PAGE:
Eighth graders reviewed pictures of gondolas and ski lift chairs, then designed their own gondolas. They often had to iterate their designs to make wheels work and to distribute weight. They coded the servo motor to be sound-activated.
This robot is being controlled by the accelerometer readings coded into the Micro:bit.
Eighth graders used the Snap! coding environment to create art as they practiced using key coding concepts. Both their art and code then go in a Google Sites learner's blog for explanation and reflection.
This project was a collaboration between fifth graders, who designed and 3D printed obstacles for the pinball machine surfaces, along with third graders, who attached the objects on their individual play surfaces and then coded the lights and servo motors.
This is a floating ocean colony, the arms of which were designed using code.
Here is a quick example of a game students can code and then play on an affordable gaming board. The theme of their games can relate to topics being studied or discussed elsewhere. This is a climate crisis game called "Carbon Capture."
Eighth graders utilized the light sensor on the microcontroller here to make a vehicle that backs up in randomized patterns when it meets an obstacle.
Fifth graders studied the physics of car crashes, and then they engineered crumple zone bumpers for this CO2 cartridge-powered car. The goal was to protect the passenger egg from the impact.
Seventh graders designed bike helmet lighting systems that respond to head motion to indicate turns and braking.
These are different crumple zone bumper designs by fifth graders.
Third graders studied ocean plastics in their core class. Tasked with designing something to help with the problem, they chose to invent prototypes of better trash cans.
Second graders test fired rockets without fins, and then they engineered different fin designs to help control the flight.
This is a design of a Martian colony for a project that fifth graders do after studying the needs for life on Mars.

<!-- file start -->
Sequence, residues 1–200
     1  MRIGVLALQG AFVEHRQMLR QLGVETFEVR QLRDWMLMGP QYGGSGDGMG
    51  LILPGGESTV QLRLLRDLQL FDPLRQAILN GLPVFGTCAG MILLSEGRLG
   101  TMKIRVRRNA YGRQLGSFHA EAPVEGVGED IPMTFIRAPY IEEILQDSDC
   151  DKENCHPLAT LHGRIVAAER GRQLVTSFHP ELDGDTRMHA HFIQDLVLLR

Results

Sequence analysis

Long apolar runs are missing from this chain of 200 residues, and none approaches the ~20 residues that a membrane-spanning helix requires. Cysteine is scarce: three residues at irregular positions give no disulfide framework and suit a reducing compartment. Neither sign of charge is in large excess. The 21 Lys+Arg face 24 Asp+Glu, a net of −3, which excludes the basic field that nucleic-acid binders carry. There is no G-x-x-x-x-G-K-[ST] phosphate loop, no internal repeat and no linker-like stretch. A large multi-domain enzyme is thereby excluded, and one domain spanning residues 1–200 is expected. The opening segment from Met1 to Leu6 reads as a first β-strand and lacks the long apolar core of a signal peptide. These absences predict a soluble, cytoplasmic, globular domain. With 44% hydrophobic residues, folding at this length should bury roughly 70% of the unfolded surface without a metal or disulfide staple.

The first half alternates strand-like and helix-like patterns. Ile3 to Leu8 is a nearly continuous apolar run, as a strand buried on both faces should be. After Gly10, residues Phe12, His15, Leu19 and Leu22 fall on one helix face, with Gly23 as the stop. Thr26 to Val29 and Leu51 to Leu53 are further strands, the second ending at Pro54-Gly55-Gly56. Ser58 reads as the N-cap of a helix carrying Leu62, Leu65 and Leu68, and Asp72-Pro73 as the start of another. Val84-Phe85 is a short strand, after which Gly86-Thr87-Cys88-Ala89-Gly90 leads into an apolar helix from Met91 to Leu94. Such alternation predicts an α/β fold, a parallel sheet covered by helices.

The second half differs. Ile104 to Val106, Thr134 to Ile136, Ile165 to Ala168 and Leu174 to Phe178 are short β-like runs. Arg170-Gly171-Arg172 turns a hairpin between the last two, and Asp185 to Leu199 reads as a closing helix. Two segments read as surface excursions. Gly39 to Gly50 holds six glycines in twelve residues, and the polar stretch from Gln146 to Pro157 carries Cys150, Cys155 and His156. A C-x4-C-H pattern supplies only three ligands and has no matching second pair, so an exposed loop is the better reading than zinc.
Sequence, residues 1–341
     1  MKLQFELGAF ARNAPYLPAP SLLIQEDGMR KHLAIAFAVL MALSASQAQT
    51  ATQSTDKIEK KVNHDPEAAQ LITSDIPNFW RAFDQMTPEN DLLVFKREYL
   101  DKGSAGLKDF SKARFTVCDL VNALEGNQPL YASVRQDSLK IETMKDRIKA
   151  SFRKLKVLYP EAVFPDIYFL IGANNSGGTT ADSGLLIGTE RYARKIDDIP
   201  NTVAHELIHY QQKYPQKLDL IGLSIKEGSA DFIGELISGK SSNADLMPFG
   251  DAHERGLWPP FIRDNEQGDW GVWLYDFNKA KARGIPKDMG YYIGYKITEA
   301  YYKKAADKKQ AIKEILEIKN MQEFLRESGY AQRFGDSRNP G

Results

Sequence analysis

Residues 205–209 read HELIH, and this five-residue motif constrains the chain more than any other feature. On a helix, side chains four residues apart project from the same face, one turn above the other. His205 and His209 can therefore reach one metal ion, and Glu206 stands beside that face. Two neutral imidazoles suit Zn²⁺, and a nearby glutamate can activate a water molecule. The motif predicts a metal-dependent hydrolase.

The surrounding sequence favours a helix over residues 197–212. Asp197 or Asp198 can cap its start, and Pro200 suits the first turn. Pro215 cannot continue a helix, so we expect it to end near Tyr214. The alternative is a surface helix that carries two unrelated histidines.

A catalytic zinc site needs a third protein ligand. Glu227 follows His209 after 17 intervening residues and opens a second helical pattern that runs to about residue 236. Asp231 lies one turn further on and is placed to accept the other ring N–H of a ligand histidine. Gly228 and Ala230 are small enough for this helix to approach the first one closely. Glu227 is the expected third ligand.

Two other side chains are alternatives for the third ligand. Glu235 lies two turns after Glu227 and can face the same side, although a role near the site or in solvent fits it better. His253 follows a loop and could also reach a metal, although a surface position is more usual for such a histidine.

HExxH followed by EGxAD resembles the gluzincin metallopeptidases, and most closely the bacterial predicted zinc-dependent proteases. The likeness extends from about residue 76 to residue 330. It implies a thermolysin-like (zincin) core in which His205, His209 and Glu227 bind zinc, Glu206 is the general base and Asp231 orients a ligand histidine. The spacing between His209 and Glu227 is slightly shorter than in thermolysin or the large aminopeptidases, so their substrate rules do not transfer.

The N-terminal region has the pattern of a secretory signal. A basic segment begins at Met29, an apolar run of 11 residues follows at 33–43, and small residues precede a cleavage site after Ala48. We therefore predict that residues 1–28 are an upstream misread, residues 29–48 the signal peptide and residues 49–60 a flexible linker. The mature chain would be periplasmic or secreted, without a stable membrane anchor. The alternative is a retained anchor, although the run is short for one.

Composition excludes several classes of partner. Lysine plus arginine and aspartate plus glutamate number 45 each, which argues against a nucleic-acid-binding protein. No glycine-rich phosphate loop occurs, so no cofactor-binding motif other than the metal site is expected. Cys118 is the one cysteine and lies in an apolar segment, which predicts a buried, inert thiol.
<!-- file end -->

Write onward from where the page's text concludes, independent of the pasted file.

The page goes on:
Making, Digital Fabrication, and Design
Here's a video of mine on one way to use coding to create designs that can be ironed onto t-shirts.
This light box uses a coded light design on a microcontroller to backlight an image of Virginia Woolf that was made with a paper cutter machine.
This wall-mounted marble drop includes a servo motor coded to assist the marble.
Here is a video tutorial I made to help people learn about coding designs for 3D printing or paper cutting.
These t-shirts have designs that were coded and then ironed on.
This earring was designed with code and then laser cut.
This design was created with code, then paper cut and turned into a card.
These clocks were designed with code, and one was laser cut and the other 3D printed.
My name badge here was laser cut from acrylic and lit with a LED.
The designs for this lamp were made with code and then laser cut in wood.
These 3D prints were made partially with code and partially with a scanner that captured the person's image. They were part of a "self-portrait in 3D" club.
These shirts were made for participants in the SF Pride Parade.
This design was coded, cut out, and ironed on.
This model was coded with Codeblocks, added to with standard Tinkercad, then viewed and recorded with augmented reality.
Fifth graders were challenged to study and then design models of elements from our school's church.